This is Microsoft ultimate wet dream of lock-in through DRM. It has been their wet dream ever since they came up with Longhorn and Trusted Computing. Longhorn is the monstrosity that spawned Vista after years of delay, various rewites, dropping most of it's features and bolting it to an existing platform (Windows Server 2003) because writing a new platform proved impossible. Matthew Broersma was right when he stated that Windows Vista is the last monolithic OS. Welcome to modular Longhorn.

The message is clear. Get out while you can. Microsoft's only interest is to empty your pockets and keep your computer hostage. It wants to turn computing into a monopoly content distribution channel and sell you to the highest bidder. Choose freedom and switch to Free/Open-source software.

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#1 HellSpawn (http://massdistortion.net/)

With Vista, the reign of Windows begins to fade. With Vista+1, Windows is bye-bye.

I'd switch to Linux if some of the software I currently use would have a "twin" that worked fine on Linux. But I think that won't be a problem in the future.


#2 Anonymous Coward

I was under the impression that the next version of Microsoft's main desktop OS was code-named Viena & Blackcomb
,current release estimate of anytime between 2009 and 2012 . Although, Vista +1 works just as well for making your points and conclusions. Which, by the way, I'm inclined to support.

#3 Cameron

Well, I suspected as much with the future upgrade to Vista. I am a college student training as a Technical Support person. We have been reviewing Vista & I must say I am not one bit impressed with it. It appears to me that Microsoft is trying to corner the software market in that you will have to get it all from them. I create stationery at home for Outlook express so use programs like Paint shop Pro, ColorCop, 20/20, plus many more. Vista has similar to these built in but I prefer MY PROGRAMS, not theirs. I also hear the following OS after vista which will be known as Sierra, will be totally different. It is due out in 2008, and will be total voice. there will be no more start button, side bars, system tray or anything on the desktop as it will be a total voice operated system. Welcome to Star Trek. Not sure if I like that or not.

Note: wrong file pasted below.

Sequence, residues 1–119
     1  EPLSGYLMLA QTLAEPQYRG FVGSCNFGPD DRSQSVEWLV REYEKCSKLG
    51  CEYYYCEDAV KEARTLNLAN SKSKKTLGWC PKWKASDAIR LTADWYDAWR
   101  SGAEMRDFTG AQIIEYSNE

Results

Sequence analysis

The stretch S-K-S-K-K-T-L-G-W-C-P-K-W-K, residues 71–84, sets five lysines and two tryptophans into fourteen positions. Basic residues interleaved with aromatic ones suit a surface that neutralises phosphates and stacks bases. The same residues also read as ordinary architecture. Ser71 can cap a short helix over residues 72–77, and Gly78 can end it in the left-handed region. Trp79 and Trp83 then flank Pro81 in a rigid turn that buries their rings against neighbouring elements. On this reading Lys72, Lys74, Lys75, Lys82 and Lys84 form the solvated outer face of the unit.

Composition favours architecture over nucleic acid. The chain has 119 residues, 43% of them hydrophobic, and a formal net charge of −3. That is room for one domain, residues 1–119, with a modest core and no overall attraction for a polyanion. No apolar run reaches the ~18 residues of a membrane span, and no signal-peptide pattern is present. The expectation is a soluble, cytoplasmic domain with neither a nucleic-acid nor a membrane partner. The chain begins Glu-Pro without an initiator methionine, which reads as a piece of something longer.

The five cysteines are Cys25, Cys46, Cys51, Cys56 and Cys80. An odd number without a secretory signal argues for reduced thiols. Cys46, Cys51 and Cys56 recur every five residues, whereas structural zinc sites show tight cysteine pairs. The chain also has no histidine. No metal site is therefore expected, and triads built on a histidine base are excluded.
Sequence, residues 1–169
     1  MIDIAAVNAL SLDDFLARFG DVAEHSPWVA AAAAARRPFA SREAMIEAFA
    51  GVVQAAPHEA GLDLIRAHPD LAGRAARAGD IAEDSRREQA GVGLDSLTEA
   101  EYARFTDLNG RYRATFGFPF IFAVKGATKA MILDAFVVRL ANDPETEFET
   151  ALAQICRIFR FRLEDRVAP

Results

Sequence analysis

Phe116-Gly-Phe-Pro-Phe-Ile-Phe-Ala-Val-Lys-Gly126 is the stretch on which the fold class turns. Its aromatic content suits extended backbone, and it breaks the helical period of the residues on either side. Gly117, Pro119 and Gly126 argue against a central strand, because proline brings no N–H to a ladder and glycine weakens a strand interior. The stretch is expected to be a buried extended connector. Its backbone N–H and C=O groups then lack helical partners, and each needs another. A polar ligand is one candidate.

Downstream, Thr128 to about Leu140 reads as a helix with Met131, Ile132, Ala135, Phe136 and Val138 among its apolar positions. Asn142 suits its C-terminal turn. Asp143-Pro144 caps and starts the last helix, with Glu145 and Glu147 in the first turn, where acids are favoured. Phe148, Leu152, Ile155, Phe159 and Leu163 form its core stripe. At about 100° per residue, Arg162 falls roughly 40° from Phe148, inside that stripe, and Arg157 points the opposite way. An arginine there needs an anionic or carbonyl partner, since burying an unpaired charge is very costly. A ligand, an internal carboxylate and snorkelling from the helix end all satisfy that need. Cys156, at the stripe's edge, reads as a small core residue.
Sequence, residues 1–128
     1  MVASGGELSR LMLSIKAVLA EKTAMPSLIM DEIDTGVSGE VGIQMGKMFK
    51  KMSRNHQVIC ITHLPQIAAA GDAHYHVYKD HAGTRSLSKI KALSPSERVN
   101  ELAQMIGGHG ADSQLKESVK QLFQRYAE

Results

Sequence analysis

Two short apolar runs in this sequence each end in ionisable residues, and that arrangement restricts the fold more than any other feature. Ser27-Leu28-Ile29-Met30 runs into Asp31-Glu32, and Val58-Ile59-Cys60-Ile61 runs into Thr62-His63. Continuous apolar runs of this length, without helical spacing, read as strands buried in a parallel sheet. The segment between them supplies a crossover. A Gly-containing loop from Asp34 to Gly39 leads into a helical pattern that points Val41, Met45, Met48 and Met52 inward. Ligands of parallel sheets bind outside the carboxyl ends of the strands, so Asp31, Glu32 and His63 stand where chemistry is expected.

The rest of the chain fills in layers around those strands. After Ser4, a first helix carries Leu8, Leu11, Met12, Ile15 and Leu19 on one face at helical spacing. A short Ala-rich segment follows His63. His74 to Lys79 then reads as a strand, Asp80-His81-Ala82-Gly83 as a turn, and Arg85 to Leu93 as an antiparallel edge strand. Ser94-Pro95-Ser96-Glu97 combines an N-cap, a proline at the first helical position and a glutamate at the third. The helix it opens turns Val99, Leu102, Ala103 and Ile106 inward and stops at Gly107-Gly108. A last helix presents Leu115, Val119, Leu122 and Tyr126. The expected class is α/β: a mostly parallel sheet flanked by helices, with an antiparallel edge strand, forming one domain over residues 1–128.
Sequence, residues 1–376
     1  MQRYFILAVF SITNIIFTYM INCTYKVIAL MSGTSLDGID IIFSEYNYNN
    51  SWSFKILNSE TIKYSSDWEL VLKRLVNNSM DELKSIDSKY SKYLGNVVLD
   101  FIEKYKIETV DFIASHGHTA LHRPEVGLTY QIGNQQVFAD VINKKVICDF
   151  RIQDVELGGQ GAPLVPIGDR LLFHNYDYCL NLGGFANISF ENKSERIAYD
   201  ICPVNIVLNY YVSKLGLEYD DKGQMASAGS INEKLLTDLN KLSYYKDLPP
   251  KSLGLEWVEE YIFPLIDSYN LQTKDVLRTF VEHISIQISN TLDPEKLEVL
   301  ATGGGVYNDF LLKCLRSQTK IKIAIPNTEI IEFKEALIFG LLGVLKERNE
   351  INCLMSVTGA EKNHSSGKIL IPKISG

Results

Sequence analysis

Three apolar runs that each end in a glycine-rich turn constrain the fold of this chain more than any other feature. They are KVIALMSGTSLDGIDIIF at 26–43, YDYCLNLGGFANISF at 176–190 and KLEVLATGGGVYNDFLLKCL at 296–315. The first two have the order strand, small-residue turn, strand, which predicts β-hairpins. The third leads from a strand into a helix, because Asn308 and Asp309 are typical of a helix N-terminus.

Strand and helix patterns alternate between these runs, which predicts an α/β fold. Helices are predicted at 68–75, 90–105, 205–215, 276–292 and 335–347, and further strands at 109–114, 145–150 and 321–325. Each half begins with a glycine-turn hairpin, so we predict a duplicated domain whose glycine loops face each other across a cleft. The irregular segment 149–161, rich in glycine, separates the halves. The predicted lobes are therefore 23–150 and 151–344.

#4 Sander Marechal (http://www.jejik.com)

Vista's successor is likely called Vienna as comment #2 pointed out. There's news afoot that it'll be released 2009, but knowing MS there will be at least 3-5 years delay.

See PC world

#5 Microsoft - doubt they will fall.

Ok heres my prediction. MS are not totally stupid. If they go the same way as linux kernels and complicate installations they will fail and they know that. Vista in its primary beta form was a good operating system - but then the marketing rapists destroyed it by removing some of the features that would have really differentiated vista from XP and been so much more than just a pretty interface with a nagging DRM. Linuxs downfall is its wide choice of operating systems - if the linux groups unified to make one operating system (server and client) then bye bye windows. MS strategy was allways to create something that non-IT savy AND IT folk could install and use - bring computing to the masses. ALSO a patent application does not mean an intent to build or include it in the next revision. Sometimes its used as strategy to prevent their competitors from using a concept, infact there would be many patents from microsoft that are totally irrelevant to their cause. A patent application from microsoft would cost them virtually nothing.